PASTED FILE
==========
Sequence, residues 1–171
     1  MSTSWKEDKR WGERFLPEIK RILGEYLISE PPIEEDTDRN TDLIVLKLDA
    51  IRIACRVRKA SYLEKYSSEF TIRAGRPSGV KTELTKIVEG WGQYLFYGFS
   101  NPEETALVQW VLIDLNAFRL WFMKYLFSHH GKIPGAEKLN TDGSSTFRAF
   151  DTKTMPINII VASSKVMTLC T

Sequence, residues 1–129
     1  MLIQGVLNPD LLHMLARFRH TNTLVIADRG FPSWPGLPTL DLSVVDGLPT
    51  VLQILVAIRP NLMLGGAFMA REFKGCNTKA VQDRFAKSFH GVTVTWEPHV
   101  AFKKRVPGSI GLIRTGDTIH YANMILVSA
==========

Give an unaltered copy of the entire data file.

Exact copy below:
Sequence, residues 1–171
     1  MSTSWKEDKR WGERFLPEIK RILGEYLISE PPIEEDTDRN TDLIVLKLDA
    51  IRIACRVRKA SYLEKYSSEF TIRAGRPSGV KTELTKIVEG WGQYLFYGFS
   101  NPEETALVQW VLIDLNAFRL WFMKYLFSHH GKIPGAEKLN TDGSSTFRAF
   151  DTKTMPINII VASSKVMTLC T

Sequence, residues 1–129
     1  MLIQGVLNPD LLHMLARFRH TNTLVIADRG FPSWPGLPTL DLSVVDGLPT
    51  VLQILVAIRP NLMLGGAFMA REFKGCNTKA VQDRFAKSFH GVTVTWEPHV
   101  AFKKRVPGSI GLIRTGDTIH YANMILVSA